The quintessential picture of the American Dream. Littered with nice, quiet neighborhoods, barbeques, softball games and fences surrounding every yard. Everyone must strive to be 'normal' in the faces of others, and extreme gossip is a must. Note: should be avoided by anyone with original ideas at all costs, as the main purpose of the suburbs is to suck the life out of fresh ideas.

Suburbs are places where people build houses to try and get away from other people and have larger yards. The result of this is that people are more spread out. Where before people could walk to work or the store, now they have to drive there.

This way of living is by far the most wasteful thing anyone could possibly devise. Not only does society destroy its pristine wilderness areas and farmland, but society itself is slowed in its progress because reduced contact with other people reduces the spread of ideas from one person to another. People thus have less to think about as they waste the non-renewable resources of the Carboniferous age by driving further than anyone should have to go to get someplace they have to be on a daily basis.

The less people have to think about, the worse civilzation will seem to its members. In cities, however, ideas still flow from one person to another with little effort. This is why culture genrally flows from city to suburb after a considerable period of time. The trouble is that as more people go to the suburbs and like them (I suspect they're the sort who don't like to admit mistakes), the balance of power in a democracy is weighted toward those who have no understanding of the importance of cities.

Specificly, suburbanites have little or no concept of the interdependence of all people. We are all connected to and dependent upon all other members of society for everything we have. This includes both culture and material possessions. None of us exists independently of others, and this is a fact that suburbanites would like to obscure from themselves by hiding their search for happiness behind a privacy fence. By taking money away from urban projects like public transportation, inner city schools, and social welfare in general, suburbanites may well lead to the downfall of civilization.

mblase: re Suburbs will eventually be the downfall of civilization: High-density city areas are the primary cause of higher crime and, ironically, fewer personal relationships. This is documented. How can this be a bad thing?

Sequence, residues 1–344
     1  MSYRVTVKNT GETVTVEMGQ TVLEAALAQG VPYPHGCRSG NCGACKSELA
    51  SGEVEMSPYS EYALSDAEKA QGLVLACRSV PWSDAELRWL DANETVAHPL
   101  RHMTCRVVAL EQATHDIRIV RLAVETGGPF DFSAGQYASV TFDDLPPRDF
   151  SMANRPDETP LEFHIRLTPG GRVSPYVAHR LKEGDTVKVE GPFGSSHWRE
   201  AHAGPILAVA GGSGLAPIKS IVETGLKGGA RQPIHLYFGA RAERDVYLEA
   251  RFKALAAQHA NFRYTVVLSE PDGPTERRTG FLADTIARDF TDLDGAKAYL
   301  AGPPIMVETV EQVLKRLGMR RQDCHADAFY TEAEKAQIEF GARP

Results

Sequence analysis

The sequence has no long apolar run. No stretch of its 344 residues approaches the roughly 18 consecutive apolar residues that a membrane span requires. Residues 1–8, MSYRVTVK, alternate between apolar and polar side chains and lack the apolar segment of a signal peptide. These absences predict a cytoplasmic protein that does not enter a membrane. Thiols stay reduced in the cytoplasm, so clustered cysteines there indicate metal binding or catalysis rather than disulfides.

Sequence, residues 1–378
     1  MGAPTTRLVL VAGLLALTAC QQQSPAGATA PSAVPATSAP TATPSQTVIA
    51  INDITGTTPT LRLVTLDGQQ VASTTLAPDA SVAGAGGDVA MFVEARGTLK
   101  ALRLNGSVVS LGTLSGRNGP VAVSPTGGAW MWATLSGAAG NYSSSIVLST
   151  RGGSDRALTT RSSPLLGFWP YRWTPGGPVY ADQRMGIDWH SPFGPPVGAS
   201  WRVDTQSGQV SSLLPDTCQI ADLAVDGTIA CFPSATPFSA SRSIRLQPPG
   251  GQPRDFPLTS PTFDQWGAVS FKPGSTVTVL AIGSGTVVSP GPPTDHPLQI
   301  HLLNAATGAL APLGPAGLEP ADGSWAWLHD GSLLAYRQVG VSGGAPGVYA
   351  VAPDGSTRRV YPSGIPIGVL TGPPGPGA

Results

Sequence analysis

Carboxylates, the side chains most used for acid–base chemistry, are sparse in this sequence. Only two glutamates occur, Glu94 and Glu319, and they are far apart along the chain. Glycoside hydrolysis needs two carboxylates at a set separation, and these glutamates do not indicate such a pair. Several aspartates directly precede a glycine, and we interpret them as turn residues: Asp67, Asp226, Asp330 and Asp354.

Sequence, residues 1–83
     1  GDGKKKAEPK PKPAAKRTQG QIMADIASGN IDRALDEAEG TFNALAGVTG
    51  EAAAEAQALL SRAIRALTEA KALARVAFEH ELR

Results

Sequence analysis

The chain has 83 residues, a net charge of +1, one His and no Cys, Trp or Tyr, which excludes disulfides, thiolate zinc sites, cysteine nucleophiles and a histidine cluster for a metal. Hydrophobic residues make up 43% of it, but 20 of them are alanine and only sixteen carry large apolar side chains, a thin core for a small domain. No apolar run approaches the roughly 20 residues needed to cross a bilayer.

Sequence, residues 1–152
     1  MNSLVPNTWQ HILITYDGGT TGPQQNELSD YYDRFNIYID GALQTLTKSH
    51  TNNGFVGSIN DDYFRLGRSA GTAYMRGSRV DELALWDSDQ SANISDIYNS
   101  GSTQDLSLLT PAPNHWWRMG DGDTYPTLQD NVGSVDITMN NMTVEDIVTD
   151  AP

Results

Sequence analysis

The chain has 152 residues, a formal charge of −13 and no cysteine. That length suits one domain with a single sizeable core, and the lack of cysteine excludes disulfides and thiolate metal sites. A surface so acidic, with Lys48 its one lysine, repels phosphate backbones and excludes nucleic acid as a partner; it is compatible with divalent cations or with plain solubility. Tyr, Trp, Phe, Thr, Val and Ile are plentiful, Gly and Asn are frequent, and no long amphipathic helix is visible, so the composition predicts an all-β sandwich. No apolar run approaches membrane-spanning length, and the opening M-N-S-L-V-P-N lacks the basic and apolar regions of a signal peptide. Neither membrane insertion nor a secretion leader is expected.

Me: Personally, I don't like being robbed, most people feel the same. That is why it's a bad thing. The cause of this crime tends to be economic inequality. I do not think that it's a bad thing that rich people are robbed by poor people if the government is so corrupt that the poor have no hope for getting what they need in any other way. My biggest point is that urban areas make society more connected. I think urbanites will have a greater appreciation of the idea of equality of oportunity and have more realistic ideas for achieving it.

As for fewer personal relationships, again, perhaps this is personal, but I kinda like to be able to tell people to fuck off. Although the number of people you may consider friends is lower in an urban area, those friends tend to be higher in shared interests than those in rural or suburban areas. Cities allow you to sort though vast quantities of people and keep contact with only the ones you want. The lower the population density, the less choice you have.

Suburban adults don't realize their life is their prison. A locked cage of responsibility. Work the job, save for retirement, send the kids to college, have thirty minutes of sex twice a week, eat well, go to church, visit your neighbors. Every day of every week of every month of every year, forever. They mustn't think about it much, for the sake of their sanity. They hide it from themselves so well that if you mention it to most of them, you get a blank look and the reply "but I really enjoy my life!"

They're lying. Witness the plastic surgery, SUVs, quiet alcoholism, television, driving fast on the highway, cheating on taxes, cheating on spouses, midlife crises. Mindless destructive consumption, to recapture a youth they didn't enjoy having the first time around. Fantasies of escape vivid in their eyes; as much as they can't admit it to themselves, they'd rather be somewhere (anywhere), or someone (anyone) else. But they've taken their lot and chosen their path. They've done it all to themselves, so they convince themselves that they enjoy it, or risk exposure to dangerous novelty.

Perfectly and individually designed torture by endless boredom, with each of them convinced it's what they want.

Also, in suburbia there is always at least one child for every adult. The children don't start out with the defense mechanisms the adults all have, though. They can see the prison and the prisoners for what they are, but can do zero about it. Thus they are prisoners too, and in a worse prison than their parents, for they can see the bars.

Some of them adapt the same way their mothers and fathers did, by making believe that everything will be okay. They play games with balls and lead cheers and make the honor roll and date somebody nice. They know the pain will be over soon; soon they'll be happy, smiling adults with their very own mortgaged house and SUV and two children. They usually get their wish.

Others are too sensitive to walk that route; the bars are just so solid and black and hopeless that they can't be ignored. They realise ignoring the steel only makes it stronger, and try to find a way through. They try drugs, college, crime, extreme looks and ideas, and doing whatever is opposite to their parents' wishes. If you ask them, they're "living their own life" and "doing whatever they want." They're totally convinced of their freedom, as convinced as their elders and peers.